Movie Review: Coco

Guys, on the big birthday of the U.S. of A, the day to celebrate all things ‘murican (like shopping, which I did earlier that day), I decided to finally watch… the Disney/Pixar movie on Mexican culture, Coco, which focuses on El Día de los Muertos. Hey, hey, the U.S.A is a melting pot of different cultures, so I believe this is still relevant and appropriate.

The movie centers on a Mexican family that refuses to have anything to do with music, but a young boy in the family named Miguel finds himself passionate about it and wanting to pursue this passion. This leads to his ending up in a very strange predicament on El Día de los Muertos–he somehow ends up in the world of the dead and has to get back home before the day is over.

Movie Review: Coco

So on the 4th of July, I finally opened up Netflix to watch Coco and to see if the hype was worth it, and to be honest with you guys, it was not worth it… for the first hour or so anyway. Considering its run time is an hour and forty-five minutes, that might not sound like great news. After an hour or so into the movie, I was honestly debating giving it a seven or a six, a seven because the animation was beautiful and a six because nothing was really happening and I was a bit bored. However, let me tell you guys, in the last forty minutes or so, I was riveted and I was positively bawling. My debate became giving it a seven or an eight.

I debated seven because the build-up took so long, I don’t think I’ll be re-watching it like crazy, there were a few plot holes, and the story development was not the best. For the plot holes, I have a few questions… I do not think certain things were thought out or they were just brushed over. I can hear the writers whispering, “Sh, sh, they’ll never notice,” well, guys, I noticed. And honestly, I doubt only I did (CinemaSins had a lot of the same problems with it as I did).

Firstly, you need a picture of the deceased for them to be remembered appropriately according to… the rules of El Día de los Muertos. So did this really just start… once the camera was invented or something? Can they explain the rules a bit more to me because convenient plot rules are convenient. Also, what is with Dante? I was very confused by him near the end. On that note, I couldn’t decide if I was more frustrated with the family and their weird hatred for music and completely nonchalant acceptance of their familial hatred for music or Miguel for being kind of a jerk sometimes (I can understand his frustrations, but some of his behavior is too much too soon).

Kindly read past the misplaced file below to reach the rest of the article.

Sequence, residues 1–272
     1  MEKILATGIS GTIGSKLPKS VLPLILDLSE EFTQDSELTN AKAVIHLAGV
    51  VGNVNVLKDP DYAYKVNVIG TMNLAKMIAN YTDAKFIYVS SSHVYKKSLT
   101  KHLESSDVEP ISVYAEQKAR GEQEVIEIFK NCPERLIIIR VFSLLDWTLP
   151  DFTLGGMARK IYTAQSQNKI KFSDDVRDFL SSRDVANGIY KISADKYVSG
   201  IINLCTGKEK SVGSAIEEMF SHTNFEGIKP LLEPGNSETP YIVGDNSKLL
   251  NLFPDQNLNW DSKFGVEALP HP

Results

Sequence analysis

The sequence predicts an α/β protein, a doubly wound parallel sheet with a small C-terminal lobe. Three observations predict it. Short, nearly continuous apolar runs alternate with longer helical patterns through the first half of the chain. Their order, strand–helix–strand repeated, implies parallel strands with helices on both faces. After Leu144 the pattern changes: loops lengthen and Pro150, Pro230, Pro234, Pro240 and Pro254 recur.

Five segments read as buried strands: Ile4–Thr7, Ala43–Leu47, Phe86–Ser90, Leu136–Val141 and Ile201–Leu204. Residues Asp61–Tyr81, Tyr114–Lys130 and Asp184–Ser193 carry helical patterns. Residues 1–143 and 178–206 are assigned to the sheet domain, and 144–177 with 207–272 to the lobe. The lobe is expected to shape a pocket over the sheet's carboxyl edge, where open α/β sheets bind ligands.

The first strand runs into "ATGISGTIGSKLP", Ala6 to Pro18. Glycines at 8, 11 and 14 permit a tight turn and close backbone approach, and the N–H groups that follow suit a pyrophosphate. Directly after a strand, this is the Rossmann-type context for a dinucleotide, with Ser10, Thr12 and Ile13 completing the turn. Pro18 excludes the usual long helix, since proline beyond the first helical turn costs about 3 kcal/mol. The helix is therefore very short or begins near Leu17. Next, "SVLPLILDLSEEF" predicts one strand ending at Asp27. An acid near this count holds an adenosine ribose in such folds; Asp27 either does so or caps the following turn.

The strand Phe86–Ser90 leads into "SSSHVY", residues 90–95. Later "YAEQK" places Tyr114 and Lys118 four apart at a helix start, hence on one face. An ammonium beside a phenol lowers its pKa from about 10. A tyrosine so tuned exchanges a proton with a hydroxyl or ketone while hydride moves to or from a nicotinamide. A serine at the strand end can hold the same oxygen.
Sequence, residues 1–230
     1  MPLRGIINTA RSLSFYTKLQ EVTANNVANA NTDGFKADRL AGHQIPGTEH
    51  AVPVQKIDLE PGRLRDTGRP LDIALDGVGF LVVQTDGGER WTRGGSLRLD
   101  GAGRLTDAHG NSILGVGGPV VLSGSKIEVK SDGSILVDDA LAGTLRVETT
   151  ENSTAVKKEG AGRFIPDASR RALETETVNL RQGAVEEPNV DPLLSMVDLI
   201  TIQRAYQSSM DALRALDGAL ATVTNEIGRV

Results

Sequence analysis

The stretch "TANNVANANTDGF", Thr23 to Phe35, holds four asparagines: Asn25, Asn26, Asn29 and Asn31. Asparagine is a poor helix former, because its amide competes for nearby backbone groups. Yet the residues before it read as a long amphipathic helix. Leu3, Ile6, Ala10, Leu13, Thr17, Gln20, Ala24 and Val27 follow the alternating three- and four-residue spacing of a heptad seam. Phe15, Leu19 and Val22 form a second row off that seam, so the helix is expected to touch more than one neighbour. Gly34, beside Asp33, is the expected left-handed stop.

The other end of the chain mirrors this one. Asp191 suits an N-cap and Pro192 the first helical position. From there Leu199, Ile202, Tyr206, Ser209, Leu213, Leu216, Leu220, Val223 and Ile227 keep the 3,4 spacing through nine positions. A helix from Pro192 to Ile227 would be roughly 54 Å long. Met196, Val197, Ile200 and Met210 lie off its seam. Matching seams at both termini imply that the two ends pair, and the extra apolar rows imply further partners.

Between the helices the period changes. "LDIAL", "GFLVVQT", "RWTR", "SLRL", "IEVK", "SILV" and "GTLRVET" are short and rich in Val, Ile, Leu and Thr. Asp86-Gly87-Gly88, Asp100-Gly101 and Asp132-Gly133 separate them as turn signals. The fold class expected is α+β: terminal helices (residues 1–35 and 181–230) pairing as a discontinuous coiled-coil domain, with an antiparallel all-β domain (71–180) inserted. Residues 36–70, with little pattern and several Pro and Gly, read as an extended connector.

As for the story development, I was only heavily invested in it for the last thirty minutes or so. I noticed this is not uncommon with Disney/Pixar movies. They tend to have a promising beginning and an amazing ending with nothing of actual substance happening in the middle. Guys, I loved Moana, but I will skip past the whole part with the weird shell creature in the sea and the coconuts. Even Up is a favorite of mine, but sometimes I don’t want to watch it again because of the tedious middle acts.

See Also:  Movie Review: Set It Up (Netflix Original)

Apart from those flaws, I ultimately decided on an eight because it was still such a beautiful story that was quite well thought out. The reveals honestly shocked me (one was surprisingly dark, guys, to the point I was like, “Wait, I’m watching Disney/Pixar, right?”), the animation was really quite superb, and I was bawling. In a very good way. I cried when the imaginary friend in Inside Out “died,” but overall, that movie was completely forgettable to me. Not the case with Coco. 

all the feels

I just let go and was crying. I tried to explain to my mother, because she didn’t watch it with me, but I couldn’t do justice to the beauty of Coco‘s ending, so she probably just nodded along thinking she has a weird daughter. You really have to see it for yourself.

Despite my qualms about the progress of the movie, the overall story was well thought out with the reveals timed admirably. Everything was set up from the beginning, although I’m still bothered by how convenient everything is and how the rules seem obviously fabricated.

Lastly, to be honest, for a movie all about music and family, the music was fairly forgettable. I liked how the culture of Mexico is shown through their love for and style of music, but no actual song stuck out to me. Ironically, the only one I can sort of remember is “Remember Me.” The movie was more memorable for its take on family–I think that’s where it really shone. It outshone the theme of music in this movie.

I also have to be grateful for this movie for saving me from writing the review of The Kissing Booth for at least another week. I told you in my last review, I will be writing that one soon. I was only going to do it because I had nothing else to write about… until I watched Coco, so thank you for that (you can probably already guess my sentiments on The Kissing Booth). Also, random fact, my dog’s name is Coco.

I highly recommend this movie! Give it a chance because if the beginning is a bit slow (and… it… is…), the ending will truly touch your heart. If you already watched the movie, I would love to know your thoughts down below! Just write “SPOILER” so as not to ruin it for others.




gallantly gal

All image rights belong to Disney/Pixar.


  1. Faith

    July 7, 2018 at 6:27 pm

    Coco is actually one of my favorite movies haha, so it was pretty interesting reading your review! 🙂 I look forward to reading more from your blog!

    1. gallantly gal

      July 7, 2018 at 7:44 pm

      Thank you for reading and following 😀

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